Well the New Year has started with the usual rush of activity (and blast of arctic air!) which is sort of the way the past year ended.
While looking ahead to the tasks we are setting for ourselves in 2018 it’s good to take a moment and reflect on what was accomplished in 2017 – the milestones achieved and the many things that were done throughout the College to set the stage for future achievements.
There are a couple moments that stand out for me – different achievements but with a similar theme.
One was a celebration in September of our 30-year partnership with Shenyang Institute of Engineering. It was attended by a large delegation from China as well as RRC staff and faculty (some now retired) who began the partnership and built it to the point that it is now one of the most highly-regarded models of PSE collaboration in China.
There are over a thousand SIE students taking RRC programs every year in Shenyang. There are also many graduates of the program (including some who attended the celebration) who completed their education in Manitoba and started careers here. And discussions are well-underway on a “next stage” in the partnership that will include collaboration on energy- and food-related research.
Leaving the event that fall evening I reflected on how it demonstrated Red River’s global reach and the benefits of global connections for own institution. It also reminded me of the impact individual efforts can have – in this case, faculty and staff travelling all the way to northern China, many times alone or in pairs, over a period of three decades.
Another moment came when I was up on the roof of our new STTC building this summer, checking out the very cool solar light ‘tunnels’ that will be used to bring natural light into the interior. Gazing out over the NDC campus I took note of the canopy of mature trees dotting the campus – a nice change from the barren landscape I remember 30 years ago (when my wife was a student here).
Later that week I came across our dedicated NDC Gardener, Schivcharan Sandhu, and asked him about the trees. It turns out that Sandhu himself planted most of them back in the 80’s, taking saplings from a river bank in Beaudry Park. He explained that RRC used to employ inmates from Headingley Jail to help maintain our grounds, and it was in the course of driving them back to Headingley one day that he spotted some promising plants – then asked the provincial parks people if he could transplant a few.
It struck me that many of the developments that have shaped our College – programs and industry partnerships – came about in the same way, from initiatives taken by individual staff or small groups of staff that grew over time into something bigger.
Our network of regional campuses, for example, has been developed by carefully responding to local needs and opportunities, one program at a time. Our international student population has grown from a few hundred just 8 or 9 years ago to 1,500 today – recruited by a small but energetic International Office. And our applied research program, recently ranked number one in Western Canada, is the outcome of initiatives launched across a range of departments – often as the outgrowth of instructors’ passions and partnerships.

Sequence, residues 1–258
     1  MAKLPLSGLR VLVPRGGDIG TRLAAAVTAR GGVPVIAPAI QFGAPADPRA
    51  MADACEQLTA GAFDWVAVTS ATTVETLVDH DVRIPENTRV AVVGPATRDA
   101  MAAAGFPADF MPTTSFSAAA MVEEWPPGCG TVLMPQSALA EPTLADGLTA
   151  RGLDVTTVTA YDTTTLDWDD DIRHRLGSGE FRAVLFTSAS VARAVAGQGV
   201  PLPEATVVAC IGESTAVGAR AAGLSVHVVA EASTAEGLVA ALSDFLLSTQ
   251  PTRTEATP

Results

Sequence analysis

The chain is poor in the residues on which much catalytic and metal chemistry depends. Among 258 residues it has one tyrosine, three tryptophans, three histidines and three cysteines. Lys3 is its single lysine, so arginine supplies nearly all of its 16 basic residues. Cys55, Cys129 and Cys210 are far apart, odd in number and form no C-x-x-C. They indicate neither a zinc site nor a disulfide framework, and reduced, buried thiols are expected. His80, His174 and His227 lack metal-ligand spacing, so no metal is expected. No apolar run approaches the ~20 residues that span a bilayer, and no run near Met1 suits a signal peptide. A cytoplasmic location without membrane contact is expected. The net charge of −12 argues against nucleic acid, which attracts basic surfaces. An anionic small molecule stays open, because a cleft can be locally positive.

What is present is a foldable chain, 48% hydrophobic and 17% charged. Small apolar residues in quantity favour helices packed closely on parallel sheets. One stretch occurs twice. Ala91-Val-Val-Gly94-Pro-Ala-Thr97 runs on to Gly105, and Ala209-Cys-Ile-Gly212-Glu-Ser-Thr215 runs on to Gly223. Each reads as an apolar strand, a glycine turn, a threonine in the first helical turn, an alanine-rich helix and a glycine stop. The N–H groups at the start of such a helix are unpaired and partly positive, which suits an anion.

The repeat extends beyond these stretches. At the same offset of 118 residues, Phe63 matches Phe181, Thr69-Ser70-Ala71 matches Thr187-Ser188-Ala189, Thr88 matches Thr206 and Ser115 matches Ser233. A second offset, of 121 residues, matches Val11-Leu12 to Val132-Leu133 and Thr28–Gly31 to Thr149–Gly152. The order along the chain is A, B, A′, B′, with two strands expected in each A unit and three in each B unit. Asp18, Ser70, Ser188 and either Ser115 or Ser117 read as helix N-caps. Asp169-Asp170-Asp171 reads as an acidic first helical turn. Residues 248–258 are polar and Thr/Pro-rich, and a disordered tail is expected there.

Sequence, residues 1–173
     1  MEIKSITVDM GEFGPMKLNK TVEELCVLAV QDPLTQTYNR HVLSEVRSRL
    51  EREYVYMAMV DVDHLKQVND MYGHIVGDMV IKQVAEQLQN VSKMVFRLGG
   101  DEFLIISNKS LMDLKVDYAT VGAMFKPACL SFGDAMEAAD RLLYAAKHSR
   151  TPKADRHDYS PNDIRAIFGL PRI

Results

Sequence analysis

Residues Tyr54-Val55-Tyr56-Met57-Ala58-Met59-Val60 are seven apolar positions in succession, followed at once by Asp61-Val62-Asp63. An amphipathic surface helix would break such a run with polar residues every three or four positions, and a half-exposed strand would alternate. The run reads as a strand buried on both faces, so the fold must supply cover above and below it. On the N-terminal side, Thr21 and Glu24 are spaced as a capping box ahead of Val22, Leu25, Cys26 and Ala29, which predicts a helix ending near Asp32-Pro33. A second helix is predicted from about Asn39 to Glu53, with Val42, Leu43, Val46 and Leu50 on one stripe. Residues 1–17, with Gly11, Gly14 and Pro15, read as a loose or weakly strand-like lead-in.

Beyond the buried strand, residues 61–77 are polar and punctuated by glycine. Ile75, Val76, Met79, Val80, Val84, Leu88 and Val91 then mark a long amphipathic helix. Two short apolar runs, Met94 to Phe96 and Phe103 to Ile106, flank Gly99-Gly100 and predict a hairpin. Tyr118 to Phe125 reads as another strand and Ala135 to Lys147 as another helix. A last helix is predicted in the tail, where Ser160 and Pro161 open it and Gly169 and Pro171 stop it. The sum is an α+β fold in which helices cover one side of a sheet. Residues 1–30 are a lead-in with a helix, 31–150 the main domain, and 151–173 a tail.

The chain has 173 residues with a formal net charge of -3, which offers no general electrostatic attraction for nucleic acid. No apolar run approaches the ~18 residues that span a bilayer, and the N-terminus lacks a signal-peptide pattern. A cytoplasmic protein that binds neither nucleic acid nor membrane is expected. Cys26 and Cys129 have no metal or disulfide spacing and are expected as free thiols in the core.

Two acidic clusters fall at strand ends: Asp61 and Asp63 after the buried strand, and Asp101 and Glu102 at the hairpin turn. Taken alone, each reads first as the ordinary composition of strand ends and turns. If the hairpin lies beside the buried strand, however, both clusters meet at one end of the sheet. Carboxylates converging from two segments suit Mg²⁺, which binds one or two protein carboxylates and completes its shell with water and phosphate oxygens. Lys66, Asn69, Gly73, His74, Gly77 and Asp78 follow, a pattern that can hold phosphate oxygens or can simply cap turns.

From that perspective, some of the most significant accomplishments of 2017 will turn out to be modest first steps, or new seeds planted. Yes, we have a big new building about to open at NDC and another in the works for EDC (and not to worry, I’ll have lots more to say about those – stay tuned!), but I am thinking now of the opening of ACE space last spring, which demonstrated, in a smaller format, the possibilities of a completely new approach to education. And, along the same lines, I am thinking of the group of faculty who have launched a cross-College dialogue about teaching methods, including the new “Faculty Fridays” blog.
I am also thinking of the Level One Carpentry program delivered on-site at Lake Manitoba FN this fall and the Plumbing program delivered at Sakgeeng FN. There are bigger changes coming in Indigenous Education, including new programs we are introducing this fall and a new approach to student supports. In the meantime, Red River’s on-the-ground presence in those communities makes a strong statement about our commitment to providing opportunities for Indigenous learners.
Finally, I am thinking of the Construction Trades program developed specifically for refugees, which took one cohort last spring and then another in the fall. While that was happening, the Language Training Centre was undergoing a much larger change, welcoming hundreds more EAL students and some 20 new instructors (a change that was handled very adeptly, though at the cost of many long and frantic workdays). But for me visits to the Construction Trades class really brought home the impact and spirit of LTC.
The past year was full of initiatives like these – too many to mention in one place. Our new RRC ads turned a lot of heads; it seemed RRC students were winning awards locally and internationally every time I looked; many RRC faculty also won special recognition and some found new ways to honour their present and former colleagues; and we made a new commitment to safety and health across the College that is already making a difference.
A sincere thank you to all who made the kinds of contributions that will resonate and be built upon for years to come.
And I don’t want to leave 2017 behind without giving a shout out to our food services staff and all those who helped with the year-end celebrations. Not that I needed any of it, but the butter chicken stations at our NDC and EDC parties and the chocolate donuts at our regional campuses should take their place among our College traditions!
Best wishes for the New Year,
Paul Vogt | President & CEO
Red River College of Applied Arts, Science and Technology